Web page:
The FTRS opponent preview series continues with the Pitt Panthers, who were slightly less mediocre than the other teams in the ACC Coastal a year ago and will attempt to be slightly less mediocre once again this fall.
Last Season in Review
Pitt took on one of the most daunting non-conference schedules in the nation, facing (and losing to) a trio of top-15 teams in Penn State, UCF, and Notre Dame. But in one of the Coastal-est seasons in Coastal Division history, when the smoke cleared and the chaos subsided, Pitt had managed to go 6-2 in conference play to secure their first division crown, earning a shot at dethroning undefeated Clemson in the ACC title game.
As for how that game went... well...
One rather ugly passing line aside, Pitt wasn’t exactly terrible last year—they just also weren’t anything special. It made them very appropriate winners of the 2018 Coastal Division.
Pat Narduzzi’s squad was a run-first and run-second team last year, and senior running backs Qadree Ollison and Darrin Hall each racked up 1,000 yards and double-digit touchdowns, taking some pressure off of young quarterback Kenny Pickett. Defensively, they were somewhat pedestrian, finishing at No. 53 in S&P+ and seeming to alternate excellent performances with utterly terrible ones.
RBs Qadre Ollison and Darrin Hall: As previously mentioned, Ollison and Hall each rushed for over 1,000 yards and 10 scores. That’s a ton of production to replace, particularly for a team that has relied so heavily on the run game. Pitt has a few candidates here, but none are truly proven commodities.
Most of the offensive line: Center Jimmy Morrissey is a two-year starter and one of the ACC’s most seasoned linemen. That experience will be crucial, because he’ll have two new guards and two new tackles alongside him as Pitt replaces a large group of departed seniors.
LB Seun Idowu: A former walk-on, Idowu emerged as a tackling machine at outside linebacker and recorded 75, 94, and 82 tackles over the past three years, respectively. He was also adept in coverage, and between his well-rounded skillset and his knowledge of the defense, this will be a big hole for Pitt to fill.
QB Kenny Pickett: Pickett was extremely hot-and-cold a year ago, stringing together some good performances during Pitt’s late-season winning streak but showing little over the rest of the season. As he enters his second full season as a starter, he should at least take a couple steps forward—and the new OC hire (see next section) should help him out.
WRs Maurice Ffrench and Taysir Mack: These two have significant big-play potential. Ffrench is one of the fastest players on the roster and should continue to return kickoffs and get the occasional touch in the run game. Mack led the team last year with 557 receiving yards and averaged over 22 yards per reception. Their production in the passing game to date hasn’t exactly been overwhelming, but the talent is there.
DE Rashad Weaver: Weaver was a one-man wrecking crew in 2018, recording 6.5 sacks, two forced fumbles, and 14 tackles for loss. He’s likely to see more attention from offensive blockers this year, but Weaver is still poised for a big junior season, and Pitt has a deep group of defensive tackles to work alongside him.
S Damar Hamlin and CB Dane Jackson: Two key playmakers in the secondary are back. Hamlin was a force in run support, recording 76 tackles a year ago, and Jackson led the team with 14 pass breakups and four forced fumbles. If the line play improves—which is entirely possible with the players returning—then it could enable the secondary to wreak more havoc.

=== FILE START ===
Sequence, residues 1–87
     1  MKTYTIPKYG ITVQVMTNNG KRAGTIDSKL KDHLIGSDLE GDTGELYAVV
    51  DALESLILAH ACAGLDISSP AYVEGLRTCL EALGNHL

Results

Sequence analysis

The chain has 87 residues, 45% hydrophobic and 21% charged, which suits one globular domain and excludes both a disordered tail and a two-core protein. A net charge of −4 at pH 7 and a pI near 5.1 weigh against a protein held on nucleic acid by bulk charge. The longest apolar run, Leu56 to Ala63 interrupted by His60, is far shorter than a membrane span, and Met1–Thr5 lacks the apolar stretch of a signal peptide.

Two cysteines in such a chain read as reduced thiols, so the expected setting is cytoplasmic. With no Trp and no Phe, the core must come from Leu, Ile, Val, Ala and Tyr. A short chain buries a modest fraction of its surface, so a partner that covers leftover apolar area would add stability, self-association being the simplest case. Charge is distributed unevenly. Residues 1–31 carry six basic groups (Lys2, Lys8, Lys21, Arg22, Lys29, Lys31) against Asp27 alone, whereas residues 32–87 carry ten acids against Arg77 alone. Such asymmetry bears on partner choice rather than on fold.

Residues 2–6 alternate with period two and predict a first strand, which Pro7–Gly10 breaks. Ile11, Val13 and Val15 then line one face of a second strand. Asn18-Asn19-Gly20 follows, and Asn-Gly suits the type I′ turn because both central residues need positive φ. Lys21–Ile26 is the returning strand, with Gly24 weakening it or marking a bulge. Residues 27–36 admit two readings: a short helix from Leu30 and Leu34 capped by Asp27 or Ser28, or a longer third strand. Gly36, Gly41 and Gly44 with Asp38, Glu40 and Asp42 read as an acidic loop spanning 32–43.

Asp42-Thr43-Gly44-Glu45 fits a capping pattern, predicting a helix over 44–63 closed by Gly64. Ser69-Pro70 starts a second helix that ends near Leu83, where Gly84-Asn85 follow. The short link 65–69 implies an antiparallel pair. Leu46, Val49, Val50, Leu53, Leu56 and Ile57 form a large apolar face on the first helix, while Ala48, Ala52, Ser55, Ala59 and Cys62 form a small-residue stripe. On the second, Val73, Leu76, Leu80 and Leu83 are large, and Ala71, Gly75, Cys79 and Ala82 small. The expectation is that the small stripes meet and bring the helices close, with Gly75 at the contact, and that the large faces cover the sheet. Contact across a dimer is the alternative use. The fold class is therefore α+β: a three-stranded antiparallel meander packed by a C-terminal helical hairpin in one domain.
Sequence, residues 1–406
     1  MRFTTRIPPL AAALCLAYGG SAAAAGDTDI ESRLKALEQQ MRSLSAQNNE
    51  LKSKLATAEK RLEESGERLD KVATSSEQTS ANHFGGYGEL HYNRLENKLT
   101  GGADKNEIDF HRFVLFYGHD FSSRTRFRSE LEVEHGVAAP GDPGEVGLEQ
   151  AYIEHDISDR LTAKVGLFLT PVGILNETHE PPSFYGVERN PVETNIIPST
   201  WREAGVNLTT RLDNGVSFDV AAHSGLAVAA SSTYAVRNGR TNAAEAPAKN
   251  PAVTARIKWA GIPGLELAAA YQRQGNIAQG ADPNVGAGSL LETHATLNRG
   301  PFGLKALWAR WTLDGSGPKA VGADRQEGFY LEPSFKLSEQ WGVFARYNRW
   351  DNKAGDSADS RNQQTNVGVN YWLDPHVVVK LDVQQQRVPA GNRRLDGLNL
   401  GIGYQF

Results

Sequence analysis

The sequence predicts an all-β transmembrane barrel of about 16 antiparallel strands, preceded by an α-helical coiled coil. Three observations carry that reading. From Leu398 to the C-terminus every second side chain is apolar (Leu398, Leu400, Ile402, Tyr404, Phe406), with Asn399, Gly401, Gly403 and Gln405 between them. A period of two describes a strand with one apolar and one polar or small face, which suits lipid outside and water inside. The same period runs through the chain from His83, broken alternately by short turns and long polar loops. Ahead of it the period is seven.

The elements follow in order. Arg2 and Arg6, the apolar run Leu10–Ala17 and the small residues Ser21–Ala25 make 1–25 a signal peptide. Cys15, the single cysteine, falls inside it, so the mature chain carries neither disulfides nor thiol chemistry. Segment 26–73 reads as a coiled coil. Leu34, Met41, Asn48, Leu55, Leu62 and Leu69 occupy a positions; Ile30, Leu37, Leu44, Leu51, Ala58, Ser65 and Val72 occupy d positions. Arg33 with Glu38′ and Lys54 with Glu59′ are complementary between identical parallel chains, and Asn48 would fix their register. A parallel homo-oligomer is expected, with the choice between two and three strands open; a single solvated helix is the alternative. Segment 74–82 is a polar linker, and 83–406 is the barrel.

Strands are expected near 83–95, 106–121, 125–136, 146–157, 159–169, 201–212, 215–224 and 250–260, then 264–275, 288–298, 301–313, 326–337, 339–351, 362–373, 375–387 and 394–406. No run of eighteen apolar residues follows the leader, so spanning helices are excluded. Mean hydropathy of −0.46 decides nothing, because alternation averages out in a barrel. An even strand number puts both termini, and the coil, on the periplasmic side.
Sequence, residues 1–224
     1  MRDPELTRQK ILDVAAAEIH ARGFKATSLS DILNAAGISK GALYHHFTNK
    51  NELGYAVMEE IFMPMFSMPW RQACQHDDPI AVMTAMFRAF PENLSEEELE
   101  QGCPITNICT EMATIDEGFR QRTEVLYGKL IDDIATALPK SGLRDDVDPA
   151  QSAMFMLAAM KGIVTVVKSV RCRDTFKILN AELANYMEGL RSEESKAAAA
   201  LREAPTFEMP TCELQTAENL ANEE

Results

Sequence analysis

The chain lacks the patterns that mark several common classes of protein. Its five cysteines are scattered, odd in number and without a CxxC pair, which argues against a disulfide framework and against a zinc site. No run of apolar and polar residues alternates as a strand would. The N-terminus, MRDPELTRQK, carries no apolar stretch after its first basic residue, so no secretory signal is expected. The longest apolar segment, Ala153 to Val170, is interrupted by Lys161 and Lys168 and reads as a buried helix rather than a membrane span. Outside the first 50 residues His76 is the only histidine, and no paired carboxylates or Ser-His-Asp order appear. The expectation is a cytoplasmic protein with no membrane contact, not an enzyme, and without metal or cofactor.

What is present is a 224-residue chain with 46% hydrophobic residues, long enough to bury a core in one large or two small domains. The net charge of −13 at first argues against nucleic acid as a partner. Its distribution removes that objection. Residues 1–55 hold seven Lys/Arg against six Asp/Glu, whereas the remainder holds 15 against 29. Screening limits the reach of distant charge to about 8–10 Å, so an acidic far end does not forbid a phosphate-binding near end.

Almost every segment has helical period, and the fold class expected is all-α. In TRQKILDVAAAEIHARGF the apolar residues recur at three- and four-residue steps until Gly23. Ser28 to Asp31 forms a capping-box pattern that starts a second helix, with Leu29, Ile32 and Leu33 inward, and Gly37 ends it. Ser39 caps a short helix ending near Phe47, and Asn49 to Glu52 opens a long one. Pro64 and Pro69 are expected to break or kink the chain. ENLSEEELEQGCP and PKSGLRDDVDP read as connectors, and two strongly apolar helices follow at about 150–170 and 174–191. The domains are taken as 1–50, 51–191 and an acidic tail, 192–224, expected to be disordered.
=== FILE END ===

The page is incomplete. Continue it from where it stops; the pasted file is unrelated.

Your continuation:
Offensive Coordinator Mark Whipple: Whipple should be an upgrade from the departed Shawn Watson. He most recently spent five years as the head coach at UMass, where he produced a 1,000-yard receiver in four of his five seasons (including Andy Isabella’s 102 catches for 1,698 yards this past season) and three of his teams averaged 297 or more passing yards per game. The hire is a clear signal that Narduzzi wants more out of the passing game, and that should be reflected in Whipple’s playcalling.
OL Nolan Ulizio: With depth at offensive tackle completely up in the air, Ulizio—a graduate transfer from Michigan with a few starts under his belt—was a crucial addition. He has a good chance to start at one of the tackle spots in Week 1.
LB Kylan Johnson: Pitt’s other inbound graduate transfer comes from Florida, where he had 77 tackles over three seasons. It’s entirely possible that Johnson gets the nod at outside linebacker, but Pitt has several sophomore and junior linebackers who are jockeying for playing time.
Predicting how any team in the Coastal will fare has always been a fool’s errand, and that holds true for the 2019 Pitt squad. The questions seem endless: How will Pickett respond to being the focal point of a more pass-happy offense? Which running backs will step up to fill the void? Can the offensive line replace four starters and build some depth? How much will the losses at linebacker hurt? Do they have enough depth on defense?
It feels like this team could easily end up anywhere between 8-4 and 4-8. With the division looking just as wide open as it was last year, the former record might be enough to win them the division as long as five or six of those wins are in ACC play. The most realistic result is probably somewhere in the middle, but all it would take are a couple lucky breaks and some player development (or lack thereof) to swing the pendulum one way or the other.
Of course, no team has repeated as Coastal Division champs since Virginia Tech in 2010 and 2011. On top of that, there have been six division winners in the past six years, which would suggest that it’s Virginia’s turn. But what would embody Coastal Chaos more than Pitt pulling the rug out from under Virginia to steal the division twice in a row? Anything is possible.